Thus far, the examples have shown one of two scenarios: a melody is initially presented in canon and then augmented in homophony, or the melody is presented in homophony and then augmented as a canon. Both of these methods appear to be used equally by Reich when combining canons with augmentation, however, in the first tale, “Hindenburg,” Reich presents a third option: the initial melody is in canon, followed by an augmentation also in canon.
 In the opening scene from “Hindenburg,” “It Could Not Have Been a Technical Matter,”(3) the canon melody is first heard as a solo vocal line, which quickly becomes a three-voice canon. Unlike the example from Tehillim, however, the subsequent augmentation continues the canonic texture. A third augmentation, further elongating the already stretched melody, also maintains the canon. Example 4 shows the melody and subsequent augmentations, and highlights a pair of contours common to each version of the melody. The original melody contains two similar contour segments: <-3, +2, -1, +2> and <-3, +2, -1, -2>.(4) The first contour segment appears during the first augmentation and the second contour segment appears during the second augmentation. These examples from Three Tales employ the third basic principle of Reich’s compositions that utilize canon and augmentation techniques: the use of canon or augmentation is flexible, allowing for a canon to be followed by a homophonic augmentation, a homophonic melody to be followed by an augmented canon, or a canon to be followed by an augmented canon.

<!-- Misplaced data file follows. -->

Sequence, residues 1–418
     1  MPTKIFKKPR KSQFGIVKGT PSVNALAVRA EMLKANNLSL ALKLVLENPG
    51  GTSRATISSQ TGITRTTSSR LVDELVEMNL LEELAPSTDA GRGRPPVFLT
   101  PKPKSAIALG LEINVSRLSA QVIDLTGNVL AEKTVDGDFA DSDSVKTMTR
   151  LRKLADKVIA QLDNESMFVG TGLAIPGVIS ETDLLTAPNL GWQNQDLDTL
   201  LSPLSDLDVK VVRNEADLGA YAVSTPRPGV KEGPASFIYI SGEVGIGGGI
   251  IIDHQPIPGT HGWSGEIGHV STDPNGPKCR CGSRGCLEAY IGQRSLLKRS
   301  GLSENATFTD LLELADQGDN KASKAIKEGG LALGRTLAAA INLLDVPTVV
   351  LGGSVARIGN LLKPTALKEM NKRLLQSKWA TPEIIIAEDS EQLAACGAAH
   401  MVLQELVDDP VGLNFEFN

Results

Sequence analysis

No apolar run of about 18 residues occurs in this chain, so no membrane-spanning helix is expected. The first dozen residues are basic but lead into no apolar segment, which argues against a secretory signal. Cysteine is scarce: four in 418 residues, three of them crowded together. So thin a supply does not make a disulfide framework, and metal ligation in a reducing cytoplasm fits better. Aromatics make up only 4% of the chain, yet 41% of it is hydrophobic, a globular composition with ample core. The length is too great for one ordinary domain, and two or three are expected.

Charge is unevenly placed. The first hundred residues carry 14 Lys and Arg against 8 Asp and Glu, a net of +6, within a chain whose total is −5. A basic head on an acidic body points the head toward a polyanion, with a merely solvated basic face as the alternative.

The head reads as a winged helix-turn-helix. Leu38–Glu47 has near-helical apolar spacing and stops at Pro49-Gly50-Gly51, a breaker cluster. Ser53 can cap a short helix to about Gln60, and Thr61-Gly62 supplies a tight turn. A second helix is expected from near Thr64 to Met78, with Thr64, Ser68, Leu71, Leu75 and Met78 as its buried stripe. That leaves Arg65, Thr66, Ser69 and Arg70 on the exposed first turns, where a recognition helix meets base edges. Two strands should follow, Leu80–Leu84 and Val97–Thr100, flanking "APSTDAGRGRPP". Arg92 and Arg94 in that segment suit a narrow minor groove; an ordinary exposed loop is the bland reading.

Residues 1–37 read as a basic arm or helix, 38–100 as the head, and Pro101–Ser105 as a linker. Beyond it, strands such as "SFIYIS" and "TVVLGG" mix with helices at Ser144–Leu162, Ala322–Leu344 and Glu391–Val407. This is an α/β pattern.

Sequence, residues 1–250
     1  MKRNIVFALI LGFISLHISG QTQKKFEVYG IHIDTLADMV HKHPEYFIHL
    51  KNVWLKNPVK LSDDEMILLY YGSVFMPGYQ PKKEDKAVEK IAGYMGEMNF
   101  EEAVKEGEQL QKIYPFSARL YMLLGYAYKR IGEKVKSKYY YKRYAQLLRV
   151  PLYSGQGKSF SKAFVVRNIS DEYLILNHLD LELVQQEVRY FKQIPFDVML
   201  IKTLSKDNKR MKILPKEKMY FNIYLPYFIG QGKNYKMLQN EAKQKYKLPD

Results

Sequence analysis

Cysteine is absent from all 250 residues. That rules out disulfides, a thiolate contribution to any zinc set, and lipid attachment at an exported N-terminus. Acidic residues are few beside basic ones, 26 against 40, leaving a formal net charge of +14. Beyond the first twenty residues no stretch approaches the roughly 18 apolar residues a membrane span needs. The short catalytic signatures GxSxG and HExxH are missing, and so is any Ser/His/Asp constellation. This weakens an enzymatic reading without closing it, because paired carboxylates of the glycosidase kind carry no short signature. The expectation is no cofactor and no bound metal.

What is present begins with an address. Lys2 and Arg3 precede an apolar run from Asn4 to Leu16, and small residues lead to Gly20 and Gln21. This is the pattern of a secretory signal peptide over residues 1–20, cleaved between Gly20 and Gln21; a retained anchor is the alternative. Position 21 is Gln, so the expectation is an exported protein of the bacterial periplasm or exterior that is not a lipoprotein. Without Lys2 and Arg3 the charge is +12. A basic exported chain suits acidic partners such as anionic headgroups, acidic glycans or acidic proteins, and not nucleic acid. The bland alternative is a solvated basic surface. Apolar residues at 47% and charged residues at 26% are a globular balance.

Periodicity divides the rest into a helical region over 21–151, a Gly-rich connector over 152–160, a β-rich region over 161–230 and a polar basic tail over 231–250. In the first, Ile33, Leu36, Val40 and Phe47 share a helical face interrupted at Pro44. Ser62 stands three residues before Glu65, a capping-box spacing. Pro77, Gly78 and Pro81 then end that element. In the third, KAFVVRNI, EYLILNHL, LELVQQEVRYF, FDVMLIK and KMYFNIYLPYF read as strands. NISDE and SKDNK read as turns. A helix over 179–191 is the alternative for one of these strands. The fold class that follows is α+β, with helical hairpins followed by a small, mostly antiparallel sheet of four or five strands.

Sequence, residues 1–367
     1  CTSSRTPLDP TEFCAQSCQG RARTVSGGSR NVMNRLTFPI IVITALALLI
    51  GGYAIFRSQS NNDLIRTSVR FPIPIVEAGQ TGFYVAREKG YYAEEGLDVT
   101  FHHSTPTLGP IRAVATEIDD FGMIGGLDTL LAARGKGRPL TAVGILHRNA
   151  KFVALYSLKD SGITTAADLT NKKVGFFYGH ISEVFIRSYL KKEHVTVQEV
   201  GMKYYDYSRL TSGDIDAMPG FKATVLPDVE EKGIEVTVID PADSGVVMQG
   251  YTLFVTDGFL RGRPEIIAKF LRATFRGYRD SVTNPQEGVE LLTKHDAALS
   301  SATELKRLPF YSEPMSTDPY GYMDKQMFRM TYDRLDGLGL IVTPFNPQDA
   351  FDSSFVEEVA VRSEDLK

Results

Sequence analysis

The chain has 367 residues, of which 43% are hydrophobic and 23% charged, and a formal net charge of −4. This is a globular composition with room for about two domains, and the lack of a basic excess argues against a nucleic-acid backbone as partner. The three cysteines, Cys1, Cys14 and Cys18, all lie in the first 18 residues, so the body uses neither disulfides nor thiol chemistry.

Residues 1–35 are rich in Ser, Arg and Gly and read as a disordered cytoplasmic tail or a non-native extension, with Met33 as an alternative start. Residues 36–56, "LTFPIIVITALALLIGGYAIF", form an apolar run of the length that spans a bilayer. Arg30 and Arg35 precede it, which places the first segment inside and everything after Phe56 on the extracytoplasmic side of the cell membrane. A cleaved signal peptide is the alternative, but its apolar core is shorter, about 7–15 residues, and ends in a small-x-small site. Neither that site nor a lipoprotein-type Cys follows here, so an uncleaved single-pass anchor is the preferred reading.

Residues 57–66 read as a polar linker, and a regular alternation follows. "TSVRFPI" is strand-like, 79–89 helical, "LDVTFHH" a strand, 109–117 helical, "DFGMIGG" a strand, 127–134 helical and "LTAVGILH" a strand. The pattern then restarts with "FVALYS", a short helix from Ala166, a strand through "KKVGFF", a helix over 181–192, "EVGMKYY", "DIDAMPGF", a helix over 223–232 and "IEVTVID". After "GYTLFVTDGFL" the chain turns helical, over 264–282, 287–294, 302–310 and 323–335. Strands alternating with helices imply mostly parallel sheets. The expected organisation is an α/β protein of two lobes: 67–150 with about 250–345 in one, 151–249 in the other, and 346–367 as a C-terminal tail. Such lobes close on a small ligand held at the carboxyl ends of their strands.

In the case of Three Tales, Reich weaves another layer of complexity into the texture with the use of prerecorded audio clips.(5) The audio recordings used throughout Three Tales consist of either historical recordings from the events themselves or interviews conducted by Reich with people familiar with the events being described. In “It Could Not Have Been a Technical Matter,” audio clips from the moment of the crash are heard in real time during the initial canon, but are then presented in a slower versions during the canon’s augmentations. Thanks to digital technology, however, Reich is able to maintain the same pitch level in the slowed version, allowing the recording itself to not only maintain its contour in augmentation, but also maintain the same pitch level (See Audio Example 2).